A very long linkfeast for gloomy winter days (which is when I put it together, though this week is nice). I've been gathering links of varying sorts - serious, musical, filmish, snarky, bawdy... Read at your own risk.
I wish I could write like that:
Did anyone else take one look at all those people freezing their butts
off out there on the mall and think of March of the Penguins?...
6. What is your favorite ring tone on your phone?
The Menahmehna song(from the Muppets or Sesame Street, I can't remember
which one it's from)...my second favorite is the vibrate mode...need I
If I had answered that meme, I would just boringly answer that I don't have a cell phone. And, in The Alphabet Game
, she mentions ten things she loves that begin with N (Not safe for work or around small children):
..DUH! Do I really
need to explain WHY I love to be naked? Or why I love for other people
to be naked? I can't speak for others but I like letting it all hang
out although sometimes it's hanging in places I'm not impressed with,
but what can you do? (Remember the depressed boobies
The depressed boobies post is very funny too.
- Validation. Daughter showed me this one. It's long, but watch all the way to the end.*
- Saturday Night Live: Save Broadway!
In her autobiography Wishful Drinking, Carrie Fisher recalls her most memorable direction from George Lucas while playing Princess Leia in Star Wars: Forget about wearing a bra because "there's no underwear in outer space."
The women of sci-fi have come a long way since then, and for proof, look no further than Battlestar Galactica.
Returning Friday night for the start of its final half-season, the
Peabody Award-winning television series continues to blend current
events and religion into its thoughtful story lines. Along the way, BSG has also conjured a gender-blind universe filled with female characters of genuine substance...
Along with the engrossing storyline, this is one of the things I love about BSG.
But then came Khan Noonien Singh. You can just call him Khan, as in "Star Trek
II: The Wrath of . . ." Now Montalbán's death takes its place as yet
another "Star Trek" obit, and these things are very important if your
pop-culture Richter scale is hooked up to geekdom's fault line. He
first played Khan in an episode of the original "Star Trek" in 1967,
which should have meant no big deal, since Montalbán also had bit parts
in episodes of everything
then ("The Man From U.N.C.L.E.," "Gunsmoke," "Marcus Welby, M.D." . . .).
For some wonderfully inane reason, the makers of "Star Trek" movies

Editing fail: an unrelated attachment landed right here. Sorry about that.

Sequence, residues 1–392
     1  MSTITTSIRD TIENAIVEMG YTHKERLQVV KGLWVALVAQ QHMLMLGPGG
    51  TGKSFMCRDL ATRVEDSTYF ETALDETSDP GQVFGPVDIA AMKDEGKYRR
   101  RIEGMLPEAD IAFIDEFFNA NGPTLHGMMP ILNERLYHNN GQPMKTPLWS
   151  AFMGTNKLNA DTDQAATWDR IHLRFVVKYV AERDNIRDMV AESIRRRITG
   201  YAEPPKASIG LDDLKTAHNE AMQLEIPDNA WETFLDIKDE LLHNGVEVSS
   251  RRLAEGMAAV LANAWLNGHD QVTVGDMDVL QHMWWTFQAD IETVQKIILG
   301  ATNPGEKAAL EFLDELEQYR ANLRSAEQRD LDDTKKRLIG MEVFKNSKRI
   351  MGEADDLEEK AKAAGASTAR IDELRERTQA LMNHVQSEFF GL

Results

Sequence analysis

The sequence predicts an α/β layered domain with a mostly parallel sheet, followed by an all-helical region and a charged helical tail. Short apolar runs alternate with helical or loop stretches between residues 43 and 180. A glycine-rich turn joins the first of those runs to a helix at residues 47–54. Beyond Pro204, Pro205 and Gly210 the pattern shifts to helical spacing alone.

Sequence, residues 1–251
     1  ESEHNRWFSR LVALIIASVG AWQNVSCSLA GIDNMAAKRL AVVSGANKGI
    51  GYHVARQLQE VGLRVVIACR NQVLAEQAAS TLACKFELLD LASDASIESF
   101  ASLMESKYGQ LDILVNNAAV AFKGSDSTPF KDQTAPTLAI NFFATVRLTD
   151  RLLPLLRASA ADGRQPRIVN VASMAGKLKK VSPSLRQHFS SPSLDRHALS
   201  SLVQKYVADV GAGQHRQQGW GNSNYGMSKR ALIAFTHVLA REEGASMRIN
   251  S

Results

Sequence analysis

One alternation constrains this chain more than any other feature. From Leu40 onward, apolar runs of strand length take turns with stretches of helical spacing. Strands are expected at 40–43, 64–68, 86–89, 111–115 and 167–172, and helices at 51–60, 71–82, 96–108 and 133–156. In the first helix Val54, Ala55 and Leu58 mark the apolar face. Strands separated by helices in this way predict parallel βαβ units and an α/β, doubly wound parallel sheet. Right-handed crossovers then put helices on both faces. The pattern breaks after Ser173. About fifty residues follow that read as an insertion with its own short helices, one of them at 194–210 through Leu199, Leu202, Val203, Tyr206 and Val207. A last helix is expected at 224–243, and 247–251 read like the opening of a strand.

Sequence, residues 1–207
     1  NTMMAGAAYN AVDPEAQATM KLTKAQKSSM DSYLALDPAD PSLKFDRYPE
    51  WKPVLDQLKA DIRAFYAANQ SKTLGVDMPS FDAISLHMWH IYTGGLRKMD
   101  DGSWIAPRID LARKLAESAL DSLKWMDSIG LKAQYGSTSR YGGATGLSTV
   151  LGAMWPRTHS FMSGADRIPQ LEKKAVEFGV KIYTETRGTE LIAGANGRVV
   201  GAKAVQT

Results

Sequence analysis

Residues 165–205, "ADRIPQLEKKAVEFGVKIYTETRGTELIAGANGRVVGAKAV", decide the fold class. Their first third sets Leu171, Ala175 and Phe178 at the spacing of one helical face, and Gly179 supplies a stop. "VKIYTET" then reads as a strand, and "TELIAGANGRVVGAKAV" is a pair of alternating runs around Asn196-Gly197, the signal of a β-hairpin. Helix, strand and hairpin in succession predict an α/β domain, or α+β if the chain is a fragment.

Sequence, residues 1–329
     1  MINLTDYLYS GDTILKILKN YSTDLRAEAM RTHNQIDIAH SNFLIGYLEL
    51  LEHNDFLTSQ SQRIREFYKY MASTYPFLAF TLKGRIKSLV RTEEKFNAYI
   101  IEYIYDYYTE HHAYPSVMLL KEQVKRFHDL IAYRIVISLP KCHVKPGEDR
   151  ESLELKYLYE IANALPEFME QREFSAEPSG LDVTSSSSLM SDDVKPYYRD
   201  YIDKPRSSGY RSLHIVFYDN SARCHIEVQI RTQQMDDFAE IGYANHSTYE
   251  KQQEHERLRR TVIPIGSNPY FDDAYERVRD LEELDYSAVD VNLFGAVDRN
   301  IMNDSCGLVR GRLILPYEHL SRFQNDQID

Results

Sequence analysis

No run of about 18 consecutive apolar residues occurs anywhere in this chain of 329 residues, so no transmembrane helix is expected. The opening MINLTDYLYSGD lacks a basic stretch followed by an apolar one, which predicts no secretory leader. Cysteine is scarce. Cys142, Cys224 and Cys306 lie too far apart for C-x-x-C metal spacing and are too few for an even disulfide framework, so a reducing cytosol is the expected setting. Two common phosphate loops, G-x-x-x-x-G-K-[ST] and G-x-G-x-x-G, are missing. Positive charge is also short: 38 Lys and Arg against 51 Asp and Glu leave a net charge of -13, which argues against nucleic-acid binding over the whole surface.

built the 1982 movie sequel around villainous, vengeful Khan, and
Montalbán accepted the challenge of chewing more scenery than William Shatner
Wearing a silver mullet and what appears to be a prosthetic, muscled
chest (Montalbán reportedly insisted those pecs were his), the actor
memorably channeled a well-mannered rage. For Trekkies, "The Wrath of
Khan" is pure Hemingway. They gave him the very best lines ever uttered
in sci-fi, such as: "I've done far worse than kill you, Admiral. I've
hurt you. And I wish to go on hurting you. I shall leave you as you
left me, as you left her; marooned for all eternity in the center of a
dead planet. Buried alive. Buried alive . . . " (Shatner's apoplectic
...With actual printed photos, there is a sense that something delicate
and ineffable has managed to survive, a small miracle amidst the
rampant image destruction we experience in our disposable culture. They
seem to have an occult power, as pictures in lockets sometimes seem
portentous, mystically imbued with significance. Digitization, though,
puts photos in the same category with flickering TV images, meant to be
consumed and forgotten after being experienced as entertainment. A
physical archive seems to put them in a category with paintings, which
invite us to take the time for contemplation. Digital photos are
pushing prints further into the rarefied realm of fine art, the
audience for them will most likely become reduced to those with the
appropriate cultural capital—the aesthetic appreciation training and so
...Now scientists have begun to examine how the city affects the brain,
and the results are chastening. Just being in an urban environment,
they have found, impairs our basic mental processes. After spending a
few minutes on a crowded city street, the brain is less able to hold
things in memory, and suffers from reduced self-control. While it's
long been recognized that city life is exhausting -- that's why Picasso
left Paris -- this new research suggests that cities actually dull our
thinking, sometimes dramatically so...
I still like Boston, though.
And a LOLCat:
* She's got a beautiful smile!